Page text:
For those who have missed it, there’s been quite a controversy in the blogosphere lately about the lack of civility on the internet and what ought to be done about it. What sparked the conversation was a post by tech blogger Kathy Sierra about the harassment and death threats she received on several comment threads in mid-March. Pretty much everyone agrees that the threats she received were not acceptable (despite several bone-headed responses like this from guys who couldn’t be bothered to look up the details and implied that she might have made it all up). What got a lot of people inflamed was the follow-up from influential tech blogger and publishing powerhouse Tim O’Reilly, who on March 31st called for the creation of a “Blogger’s Code of Conduct” to address the sorry state of conversation on the internet.

What has ensued is a veritable shitstorm. The internet is a popular hangout for white male libertarians, and the idea of a civility code really punched their hot buttons. Their cries of “censorship!” and “fascism!” have shown a basic lack of understanding about what is being proposed (for the record the Blogger's Code is a) still in draft; b) completely voluntary; c) likely to be modular rather than a monolithic set of guidelines), and have been both intellectually lazy and obnoxious. Worst of all, they have ignored the issue that gave rise to the Code project to begin with: internet harassment and silencing of women. To a certain extent, this is because they haven’t informed themselves about the problem; a lot of them reacted to the O’Reilly proposal without understanding what prompted it. But I think another factor in a lot of cases is that -- at least in the context of the internet -- they are truly indifferent to how women feel or what their experiences are. They consider the online world to be their domain, where their customs reign supreme, and they are not at all interested in changing their ways to be inclusive of others. Thus all the variations on the phrase, “If you can’t stand the heat, get out of the kitchen,” that have come up in blog reactions over the past week.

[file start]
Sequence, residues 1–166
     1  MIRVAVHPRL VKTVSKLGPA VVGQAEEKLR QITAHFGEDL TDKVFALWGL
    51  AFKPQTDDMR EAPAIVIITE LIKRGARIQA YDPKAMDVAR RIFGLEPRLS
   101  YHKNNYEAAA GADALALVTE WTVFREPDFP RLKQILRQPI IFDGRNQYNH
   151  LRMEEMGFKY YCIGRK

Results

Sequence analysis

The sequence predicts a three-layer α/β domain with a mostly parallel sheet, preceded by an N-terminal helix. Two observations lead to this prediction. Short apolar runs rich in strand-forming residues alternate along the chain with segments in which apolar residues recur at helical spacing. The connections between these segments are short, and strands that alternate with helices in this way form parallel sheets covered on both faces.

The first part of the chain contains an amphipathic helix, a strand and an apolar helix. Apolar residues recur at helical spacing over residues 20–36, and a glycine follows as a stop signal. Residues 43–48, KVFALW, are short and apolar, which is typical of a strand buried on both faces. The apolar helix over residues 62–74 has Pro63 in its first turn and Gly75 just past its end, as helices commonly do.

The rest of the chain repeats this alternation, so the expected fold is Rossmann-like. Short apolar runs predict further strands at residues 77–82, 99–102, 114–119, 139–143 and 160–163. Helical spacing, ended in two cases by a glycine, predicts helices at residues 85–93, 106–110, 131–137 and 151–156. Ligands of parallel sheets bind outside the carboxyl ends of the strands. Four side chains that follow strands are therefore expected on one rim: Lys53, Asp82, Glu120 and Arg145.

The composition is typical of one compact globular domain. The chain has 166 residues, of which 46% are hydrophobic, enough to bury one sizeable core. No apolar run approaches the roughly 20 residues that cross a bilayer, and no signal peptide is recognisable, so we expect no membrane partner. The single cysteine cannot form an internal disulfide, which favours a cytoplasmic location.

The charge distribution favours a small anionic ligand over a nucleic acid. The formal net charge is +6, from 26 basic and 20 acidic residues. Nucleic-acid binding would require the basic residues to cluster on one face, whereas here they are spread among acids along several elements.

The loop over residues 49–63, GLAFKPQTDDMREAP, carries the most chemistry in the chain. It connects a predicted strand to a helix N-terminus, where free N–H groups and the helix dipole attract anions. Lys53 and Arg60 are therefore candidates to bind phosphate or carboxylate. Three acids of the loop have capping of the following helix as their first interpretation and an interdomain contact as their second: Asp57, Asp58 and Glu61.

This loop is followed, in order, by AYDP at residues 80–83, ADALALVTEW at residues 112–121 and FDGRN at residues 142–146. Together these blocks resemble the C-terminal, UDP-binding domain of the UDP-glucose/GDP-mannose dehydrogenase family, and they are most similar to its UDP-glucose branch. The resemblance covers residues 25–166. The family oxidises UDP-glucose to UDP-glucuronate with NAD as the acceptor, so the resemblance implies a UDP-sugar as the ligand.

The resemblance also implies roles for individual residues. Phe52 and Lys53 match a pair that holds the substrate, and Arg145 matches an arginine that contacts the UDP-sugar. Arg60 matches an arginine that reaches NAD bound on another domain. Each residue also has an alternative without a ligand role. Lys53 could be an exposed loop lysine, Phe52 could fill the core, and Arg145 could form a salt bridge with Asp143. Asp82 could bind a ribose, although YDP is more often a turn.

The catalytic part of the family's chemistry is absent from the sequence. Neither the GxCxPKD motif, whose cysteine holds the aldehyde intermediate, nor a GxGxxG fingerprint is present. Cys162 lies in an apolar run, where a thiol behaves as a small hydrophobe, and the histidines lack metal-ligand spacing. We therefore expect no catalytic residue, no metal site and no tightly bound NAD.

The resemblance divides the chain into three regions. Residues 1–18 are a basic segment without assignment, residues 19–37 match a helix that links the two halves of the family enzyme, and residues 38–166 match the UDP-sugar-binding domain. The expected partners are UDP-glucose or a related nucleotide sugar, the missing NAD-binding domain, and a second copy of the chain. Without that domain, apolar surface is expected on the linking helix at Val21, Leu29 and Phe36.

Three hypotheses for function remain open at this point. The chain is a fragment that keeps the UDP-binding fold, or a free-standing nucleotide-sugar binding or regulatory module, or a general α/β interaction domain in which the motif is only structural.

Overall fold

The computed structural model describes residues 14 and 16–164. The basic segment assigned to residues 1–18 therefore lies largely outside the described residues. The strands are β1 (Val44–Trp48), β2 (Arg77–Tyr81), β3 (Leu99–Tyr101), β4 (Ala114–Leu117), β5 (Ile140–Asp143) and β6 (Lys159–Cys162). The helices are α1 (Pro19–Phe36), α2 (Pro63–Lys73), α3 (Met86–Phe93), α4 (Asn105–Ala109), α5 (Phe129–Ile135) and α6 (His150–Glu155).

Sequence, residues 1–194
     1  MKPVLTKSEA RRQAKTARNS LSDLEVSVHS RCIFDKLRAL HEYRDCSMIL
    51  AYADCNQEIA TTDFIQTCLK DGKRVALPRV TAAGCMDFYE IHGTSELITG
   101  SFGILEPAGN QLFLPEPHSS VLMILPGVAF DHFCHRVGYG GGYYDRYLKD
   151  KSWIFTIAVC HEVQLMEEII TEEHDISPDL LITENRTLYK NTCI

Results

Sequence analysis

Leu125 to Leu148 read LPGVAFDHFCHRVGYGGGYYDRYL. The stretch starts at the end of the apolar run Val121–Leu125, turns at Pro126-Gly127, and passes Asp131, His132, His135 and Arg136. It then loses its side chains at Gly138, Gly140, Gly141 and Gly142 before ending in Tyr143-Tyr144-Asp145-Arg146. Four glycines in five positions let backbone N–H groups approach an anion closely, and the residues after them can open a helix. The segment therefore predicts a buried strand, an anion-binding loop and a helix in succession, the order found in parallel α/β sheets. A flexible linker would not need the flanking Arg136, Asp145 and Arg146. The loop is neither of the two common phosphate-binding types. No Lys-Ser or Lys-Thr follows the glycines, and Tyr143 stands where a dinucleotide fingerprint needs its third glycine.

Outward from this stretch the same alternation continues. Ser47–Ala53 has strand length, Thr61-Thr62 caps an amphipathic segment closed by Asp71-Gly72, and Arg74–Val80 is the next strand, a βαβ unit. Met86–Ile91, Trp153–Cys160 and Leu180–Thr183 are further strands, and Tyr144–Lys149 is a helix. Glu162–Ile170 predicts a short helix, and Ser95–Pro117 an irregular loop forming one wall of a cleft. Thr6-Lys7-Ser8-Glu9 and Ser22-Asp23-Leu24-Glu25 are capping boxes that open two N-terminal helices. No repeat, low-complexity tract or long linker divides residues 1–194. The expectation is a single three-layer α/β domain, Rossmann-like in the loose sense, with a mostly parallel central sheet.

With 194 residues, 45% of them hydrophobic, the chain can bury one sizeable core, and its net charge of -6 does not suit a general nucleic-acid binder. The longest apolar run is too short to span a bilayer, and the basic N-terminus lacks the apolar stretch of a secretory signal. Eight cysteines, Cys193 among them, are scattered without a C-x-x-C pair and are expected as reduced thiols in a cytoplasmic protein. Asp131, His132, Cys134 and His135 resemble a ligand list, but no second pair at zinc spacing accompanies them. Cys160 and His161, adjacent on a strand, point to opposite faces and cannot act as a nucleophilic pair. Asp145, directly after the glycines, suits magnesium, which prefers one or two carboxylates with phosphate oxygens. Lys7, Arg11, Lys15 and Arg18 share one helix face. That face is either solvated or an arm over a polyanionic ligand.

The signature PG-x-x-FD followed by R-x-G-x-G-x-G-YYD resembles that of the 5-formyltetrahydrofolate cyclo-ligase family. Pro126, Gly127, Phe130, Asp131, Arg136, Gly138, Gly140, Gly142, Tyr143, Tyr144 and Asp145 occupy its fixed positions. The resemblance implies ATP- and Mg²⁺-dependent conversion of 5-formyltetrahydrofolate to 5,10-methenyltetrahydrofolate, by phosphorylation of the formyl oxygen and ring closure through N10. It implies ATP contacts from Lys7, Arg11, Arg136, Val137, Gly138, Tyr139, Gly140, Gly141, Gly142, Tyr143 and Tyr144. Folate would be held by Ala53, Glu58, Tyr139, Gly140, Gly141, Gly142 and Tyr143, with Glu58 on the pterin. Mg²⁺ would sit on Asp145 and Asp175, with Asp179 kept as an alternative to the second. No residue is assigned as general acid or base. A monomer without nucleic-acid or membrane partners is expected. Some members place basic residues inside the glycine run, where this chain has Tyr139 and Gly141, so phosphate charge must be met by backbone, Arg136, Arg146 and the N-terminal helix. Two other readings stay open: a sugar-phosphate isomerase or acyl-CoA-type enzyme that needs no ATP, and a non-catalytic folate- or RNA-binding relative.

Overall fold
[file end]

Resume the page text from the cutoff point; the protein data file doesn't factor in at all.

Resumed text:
I see two main problems with this thinking. First, it advocates an indifference to verbal abuse that ignores the continuum between the internet and the real world. Participants in comment threads and chat rooms are real people who can get just as angry or upset about what they read as they would if someone were speaking to their face in meatspace. Advising them to “get over it” or grow a thicker skin puts all the responsibility for abuse on the victims rather than the perpetrators. Sure, having a thick skin is good, but that’s not the only option here. Why not talk about how the jerks ought to change their behavior?

Second, the “get used to it” response ignores the fact that men and women, in general, have very different approaches to verbal confrontation. A lot of guys consider it healthy and/or fun to get in conversational battles; women, not so much. So for a group of guys to say, “this is the way we do things, take it or leave it” effectively shuts a lot of women out of the conversation, which in turn leads to a spiral of “boys will be boys” behavior that makes women even less likely to want to participate.

Of course, women are free to create their own blogs, and many have done so. But a lot of the most popular blogs on the internet are run by men, and the expectations for behavior are set by the collective norms of the sites people visit most often. Once a critical mass is reached, the customs start rolling forward into new blogs and copy cat behavior. It’s time we stopped acting as if each blog is an island, entire of itself, and started talking about what traditions we (men and women) really want to uphold on the internet. There will never be general agreement on these issues, but thinking about them is important, particularly at a time when internet access is on the verge of becoming a core utility like electricity and phone service.

Further reading:

"Kathy Sierra, misogyny on the web, and the Blogger's Code of Conduct", by webweaver

"Men who hate women on the Web" and "Bloggers, Don Imus and free speech", by Joan Walsh

"Harassment, silencing, and gaming communities", by Andrea Rubenstein

"Female-name Chat Users Get 25 Times More Malicious Messages", from ScienceDaily

An example of "debate" I took part in at Candleblog

Blog interconnections graphic from New York Magazine